I would say certainly as compared to January and February, we would expect them to decrease over the course of the year. We have an ongoing maintenance program, and we study the failure rate in wells and the root causes of failures. And sometimes we act reactively and sometimes we try to respond proactively. In January and February, of course, you get difficult weather conditions which affects wells. But you also get sort of a distribution of complexity on any activity that's done on a well. And sometimes, you can go out on a well and you can replace rods or tubing rather easily, and sometimes it gets more complicated. And I think we had a run, in January and February, of wells that were aggravated by just some difficult downhole locations. Over the course of the year, those tend to average out. And in addition, as I noted in my comments, the guys in the field are always evaluating how to put equipment and manpower to work in order to maximize production. And sometimes, that's fixing wells that are down, and sometimes, it's moving forward on capital projects. The fact of it is though, that the capital projects, while we've got a good list of them, there's -- we have to get permits, we have to clear the surface, we have to do a lot of things, and the scheduling depends on a lot of factors. And during Q1, the workover activity, let's put it, the allocation of manpower and equipment, was disproportionately allocated to LOE than we would normally see the case. And as I said, our expectation is that kind of mean reverts over the course of the year. So we look at January and February as an anomaly, March is right down right where it's supposed to be, and certainly considerably lower than January and February. And over the course of the year, particularly when we get into the more operating -- operationally benign months, we should see that LOE expense go down. So again, we don't see it as a systemic increase as much as it's, more or less, let's call it, a statistical anomaly, as we go through the year. If we had gotten those same number of wells that turned out to be a bit of a problem in the third quarter, you'd see it averaging out over the course of the year and it'd be less notable. But here in the first quarter, naturally, the thing is you can't do a year-to-date comparison and it just kind of stands out. But it is very explainable and it's, as I say, let me emphasize, we don't see it as any kind of systemic long-term increase in LOE.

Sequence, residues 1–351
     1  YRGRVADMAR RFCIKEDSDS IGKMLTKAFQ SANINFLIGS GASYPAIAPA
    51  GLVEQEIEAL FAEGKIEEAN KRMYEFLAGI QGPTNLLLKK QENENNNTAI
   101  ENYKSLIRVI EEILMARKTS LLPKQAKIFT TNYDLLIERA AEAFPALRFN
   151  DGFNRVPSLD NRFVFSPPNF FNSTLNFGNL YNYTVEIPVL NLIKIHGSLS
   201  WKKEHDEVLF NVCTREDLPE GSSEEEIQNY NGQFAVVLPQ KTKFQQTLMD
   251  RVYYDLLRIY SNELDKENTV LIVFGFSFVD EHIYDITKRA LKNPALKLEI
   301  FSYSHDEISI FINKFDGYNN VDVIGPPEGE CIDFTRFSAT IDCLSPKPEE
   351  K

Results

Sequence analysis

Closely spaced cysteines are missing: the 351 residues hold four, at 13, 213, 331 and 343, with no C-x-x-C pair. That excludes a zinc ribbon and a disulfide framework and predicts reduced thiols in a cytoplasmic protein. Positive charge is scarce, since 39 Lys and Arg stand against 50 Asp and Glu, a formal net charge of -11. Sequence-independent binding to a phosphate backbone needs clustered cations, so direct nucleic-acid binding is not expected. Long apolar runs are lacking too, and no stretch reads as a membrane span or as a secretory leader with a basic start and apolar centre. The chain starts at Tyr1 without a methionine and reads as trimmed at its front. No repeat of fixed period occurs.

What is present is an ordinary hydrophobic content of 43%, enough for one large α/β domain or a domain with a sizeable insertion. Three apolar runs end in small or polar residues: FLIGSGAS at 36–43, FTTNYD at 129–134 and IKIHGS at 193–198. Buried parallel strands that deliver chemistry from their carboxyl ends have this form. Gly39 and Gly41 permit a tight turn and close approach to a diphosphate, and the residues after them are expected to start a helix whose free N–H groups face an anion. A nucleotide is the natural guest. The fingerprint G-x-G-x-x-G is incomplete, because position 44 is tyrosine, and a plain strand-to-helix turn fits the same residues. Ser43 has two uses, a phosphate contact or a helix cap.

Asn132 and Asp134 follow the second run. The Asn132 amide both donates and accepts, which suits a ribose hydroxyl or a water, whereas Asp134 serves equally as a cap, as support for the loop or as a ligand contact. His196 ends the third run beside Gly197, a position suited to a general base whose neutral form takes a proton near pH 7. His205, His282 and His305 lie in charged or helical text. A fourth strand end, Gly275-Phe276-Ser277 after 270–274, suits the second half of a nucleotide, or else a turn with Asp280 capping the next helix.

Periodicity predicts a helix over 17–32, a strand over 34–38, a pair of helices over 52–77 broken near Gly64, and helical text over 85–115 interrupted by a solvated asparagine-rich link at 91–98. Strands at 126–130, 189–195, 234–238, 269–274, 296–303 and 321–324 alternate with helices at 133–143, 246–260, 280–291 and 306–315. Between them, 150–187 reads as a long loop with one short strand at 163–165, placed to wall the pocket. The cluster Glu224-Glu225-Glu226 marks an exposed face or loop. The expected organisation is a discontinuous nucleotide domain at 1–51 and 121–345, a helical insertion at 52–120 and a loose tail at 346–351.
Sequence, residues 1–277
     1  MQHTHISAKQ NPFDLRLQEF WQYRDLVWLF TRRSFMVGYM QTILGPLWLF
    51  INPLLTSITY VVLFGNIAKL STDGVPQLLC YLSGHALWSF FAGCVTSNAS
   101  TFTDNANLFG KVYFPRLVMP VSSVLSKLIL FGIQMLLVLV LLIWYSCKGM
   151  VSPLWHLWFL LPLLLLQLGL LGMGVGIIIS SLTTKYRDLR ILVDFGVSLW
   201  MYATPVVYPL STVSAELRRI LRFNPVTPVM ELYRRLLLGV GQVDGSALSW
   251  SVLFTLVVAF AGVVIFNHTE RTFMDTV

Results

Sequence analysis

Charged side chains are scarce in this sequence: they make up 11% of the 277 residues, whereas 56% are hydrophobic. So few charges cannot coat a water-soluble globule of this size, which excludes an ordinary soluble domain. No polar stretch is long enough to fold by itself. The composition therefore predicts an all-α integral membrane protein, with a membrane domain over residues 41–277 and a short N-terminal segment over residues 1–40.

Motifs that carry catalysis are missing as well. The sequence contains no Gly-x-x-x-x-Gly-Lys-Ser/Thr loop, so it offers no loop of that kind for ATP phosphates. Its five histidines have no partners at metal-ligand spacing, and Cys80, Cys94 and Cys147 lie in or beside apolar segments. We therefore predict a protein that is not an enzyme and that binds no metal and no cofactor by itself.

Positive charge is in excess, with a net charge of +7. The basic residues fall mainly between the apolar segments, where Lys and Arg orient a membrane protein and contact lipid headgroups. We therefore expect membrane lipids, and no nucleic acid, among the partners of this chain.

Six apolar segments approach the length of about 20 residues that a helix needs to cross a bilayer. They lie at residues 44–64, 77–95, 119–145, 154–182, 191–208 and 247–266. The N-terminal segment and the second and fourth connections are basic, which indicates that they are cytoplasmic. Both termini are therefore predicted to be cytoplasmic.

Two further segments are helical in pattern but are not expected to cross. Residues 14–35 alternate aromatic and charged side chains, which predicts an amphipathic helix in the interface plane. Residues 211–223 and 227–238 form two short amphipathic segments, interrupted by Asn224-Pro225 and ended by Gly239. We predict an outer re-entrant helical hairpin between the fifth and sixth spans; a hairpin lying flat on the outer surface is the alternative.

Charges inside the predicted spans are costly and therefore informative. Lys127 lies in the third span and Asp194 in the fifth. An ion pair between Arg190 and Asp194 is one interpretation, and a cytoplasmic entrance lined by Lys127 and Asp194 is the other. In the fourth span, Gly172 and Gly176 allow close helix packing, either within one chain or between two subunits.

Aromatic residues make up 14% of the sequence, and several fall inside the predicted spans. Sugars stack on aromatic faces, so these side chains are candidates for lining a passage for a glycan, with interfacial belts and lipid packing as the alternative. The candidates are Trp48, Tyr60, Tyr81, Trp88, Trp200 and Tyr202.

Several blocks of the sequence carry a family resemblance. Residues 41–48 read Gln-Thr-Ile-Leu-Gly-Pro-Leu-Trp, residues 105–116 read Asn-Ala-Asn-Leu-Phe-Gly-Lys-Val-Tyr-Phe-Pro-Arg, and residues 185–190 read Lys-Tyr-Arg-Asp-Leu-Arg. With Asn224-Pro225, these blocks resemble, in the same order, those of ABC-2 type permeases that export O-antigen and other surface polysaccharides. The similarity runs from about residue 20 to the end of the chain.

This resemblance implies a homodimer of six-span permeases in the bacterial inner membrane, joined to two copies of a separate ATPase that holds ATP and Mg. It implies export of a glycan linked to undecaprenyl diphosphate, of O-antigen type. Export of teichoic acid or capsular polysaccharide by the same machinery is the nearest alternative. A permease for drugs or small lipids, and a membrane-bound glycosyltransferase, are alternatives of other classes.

Operator